Vincent Edward Scully was born Nov. 29, 1927, in the Bronx and grew up in the Washington Heights section of Manhattan, the son of a silk salesman. He was drawn to sportscasting as a child, listening to football games on radio — “There weren’t other sports on,” he said —  and “getting goose bumps like you can’t believe.”

His high school graduation from Fordham Prep was followed by two years in the Navy, then four active years at Fordham University, where Scully helped found the school’s FM radio station, WFUV, was assistant sports editor on the student paper, sang in a barbershop quartet, played centerfield for the varsity baseball team and broadcast Fordham baseball, basketball and football games.

After a brief stint with a CBS radio affiliate in Washington, Scully was fetched by Red Barber, the venerable Dodgers play-by-play man who also was CBS sports director at the time, and joined Barber and Connie Desmond in the Dodgers’ radio and TV booths in 1950. When Barber and the primary World Series sponsor had a salary disagreement in 1953, Scully took Barber’s seat, becoming the youngest, at 25, ever to call a World Series game.

Barber jumped to the Yankees the next season and, by the end of 1957, when the Dodgers left Brooklyn for Los Angeles, Scully was their lead announcer. His status soared with the team’s 1958 West Coast arrival. Because transistor radios had just come into fashion, and because the Dodgers’ first L.A. home, the cavernous Coliseum, afforded many fans poor views of the action, thousands of spectators improved their experience by listening to Scully’s play-by-play, his voice reverberating throughout the stadium during games.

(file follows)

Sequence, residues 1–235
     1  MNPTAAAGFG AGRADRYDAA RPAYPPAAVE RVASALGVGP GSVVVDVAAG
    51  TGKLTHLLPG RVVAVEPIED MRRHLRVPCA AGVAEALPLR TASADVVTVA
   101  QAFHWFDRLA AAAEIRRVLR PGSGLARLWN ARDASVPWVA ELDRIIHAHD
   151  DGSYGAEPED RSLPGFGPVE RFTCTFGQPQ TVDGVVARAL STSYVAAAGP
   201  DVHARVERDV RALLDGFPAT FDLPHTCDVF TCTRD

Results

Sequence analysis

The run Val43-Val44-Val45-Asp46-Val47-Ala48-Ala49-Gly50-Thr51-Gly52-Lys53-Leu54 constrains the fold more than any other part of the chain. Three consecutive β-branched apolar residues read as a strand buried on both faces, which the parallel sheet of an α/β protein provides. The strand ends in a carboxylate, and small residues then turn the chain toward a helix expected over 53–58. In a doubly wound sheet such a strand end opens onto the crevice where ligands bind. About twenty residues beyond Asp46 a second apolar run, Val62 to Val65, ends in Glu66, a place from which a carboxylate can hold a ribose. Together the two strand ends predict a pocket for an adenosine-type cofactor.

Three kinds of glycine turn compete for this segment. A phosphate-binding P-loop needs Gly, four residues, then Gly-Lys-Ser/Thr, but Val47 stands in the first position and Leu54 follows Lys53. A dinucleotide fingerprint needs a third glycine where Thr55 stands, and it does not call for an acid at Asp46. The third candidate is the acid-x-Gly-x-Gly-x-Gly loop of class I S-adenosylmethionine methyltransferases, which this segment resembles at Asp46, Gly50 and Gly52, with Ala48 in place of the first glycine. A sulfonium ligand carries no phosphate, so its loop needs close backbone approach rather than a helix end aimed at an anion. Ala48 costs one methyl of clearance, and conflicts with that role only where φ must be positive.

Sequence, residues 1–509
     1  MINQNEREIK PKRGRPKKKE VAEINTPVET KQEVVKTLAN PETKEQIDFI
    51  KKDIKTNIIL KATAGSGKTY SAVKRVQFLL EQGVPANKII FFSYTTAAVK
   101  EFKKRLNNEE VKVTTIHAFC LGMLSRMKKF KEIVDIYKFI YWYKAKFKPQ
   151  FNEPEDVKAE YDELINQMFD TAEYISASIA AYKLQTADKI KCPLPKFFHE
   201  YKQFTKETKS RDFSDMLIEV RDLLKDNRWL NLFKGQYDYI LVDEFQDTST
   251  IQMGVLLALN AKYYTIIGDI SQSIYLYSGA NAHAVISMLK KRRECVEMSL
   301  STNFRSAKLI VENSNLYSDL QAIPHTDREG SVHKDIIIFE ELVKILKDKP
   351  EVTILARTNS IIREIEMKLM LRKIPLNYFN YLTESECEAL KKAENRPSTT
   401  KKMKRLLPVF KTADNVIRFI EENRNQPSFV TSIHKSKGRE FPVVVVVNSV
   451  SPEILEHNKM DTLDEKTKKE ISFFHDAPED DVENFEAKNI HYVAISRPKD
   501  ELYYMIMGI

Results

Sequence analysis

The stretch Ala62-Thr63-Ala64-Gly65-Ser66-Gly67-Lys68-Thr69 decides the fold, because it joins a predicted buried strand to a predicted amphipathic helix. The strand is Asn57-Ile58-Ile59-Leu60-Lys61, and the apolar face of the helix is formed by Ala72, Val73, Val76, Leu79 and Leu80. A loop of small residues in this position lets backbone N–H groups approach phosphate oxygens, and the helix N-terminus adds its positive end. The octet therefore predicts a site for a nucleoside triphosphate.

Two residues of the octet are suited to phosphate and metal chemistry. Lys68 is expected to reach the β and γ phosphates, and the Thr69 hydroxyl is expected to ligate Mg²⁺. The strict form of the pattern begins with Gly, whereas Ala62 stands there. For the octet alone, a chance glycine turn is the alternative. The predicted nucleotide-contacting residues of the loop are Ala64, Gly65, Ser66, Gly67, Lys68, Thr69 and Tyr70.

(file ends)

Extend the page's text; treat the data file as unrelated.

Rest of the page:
Besides the broadcast wing of the Baseball Hall of Fame, Scully is a member of the National Radio, American Sportscasters Association and California Sports halls of fame. He was voted the top sportscaster of the 20th century and has a star on the Hollywood Walk of Fame.

Scully was preceded in death by his second wife, Sandra. She died of complications of ALS at age 76 in 2021. The couple, who were married 47 years, had a daughter, Catherine, together.

Scully’s other children are Kelly, Erin, Todd and Kevin. A son, Michael, died in a helicopter crash in 1994.

As his career extended into a second century, Scully often was asked how long he intended to continue broadcasting. His pat answer was, “If you want to make God laugh, tell him your future plans.”

With AP

A subjective ranking of the signature moments from Vin Scully's 67-year broadcasting career:

1. Kirk Gibson's walk-off home run, 1988 World Series Game 1, Oct. 15, 1988

"High fly ball into rightfield. She is gone! . . . In a year that has been so improbable, the impossible has happened!”

2. Sandy Koufax's perfect game, Sept. 9, 1965

"It is 9:46 p.m. Two-and-two to Harvey Kuenn. One strike away. Sandy into his windup, here's the pitch . . .  swung on and missed, a perfect game!"

3. Hank Aaron's 715th home run, April 8, 1974

"What a marvelous moment for baseball, what a marvelous moment for Atlanta and the state of Georgia, what a marvelous moment for the country and the world — a Black man is getting a standing ovation in the Deep South for breaking the record of an all-time baseball idol."

4. Fernando Valenzuela's no-hitter, June 29, 1990

"Fernando Valenzuela has pitched a no-hitter at 10:17 in the evening on June the 29th, 1990. If you have a sombrero, throw it to the sky!"

5. The Mookie Miracle, 1986 World Series Game 6, Oct. 25, 1986

"Little roller up along first . . . behind the bag! It gets through Buckner! Here comes Knight and the Mets win it!"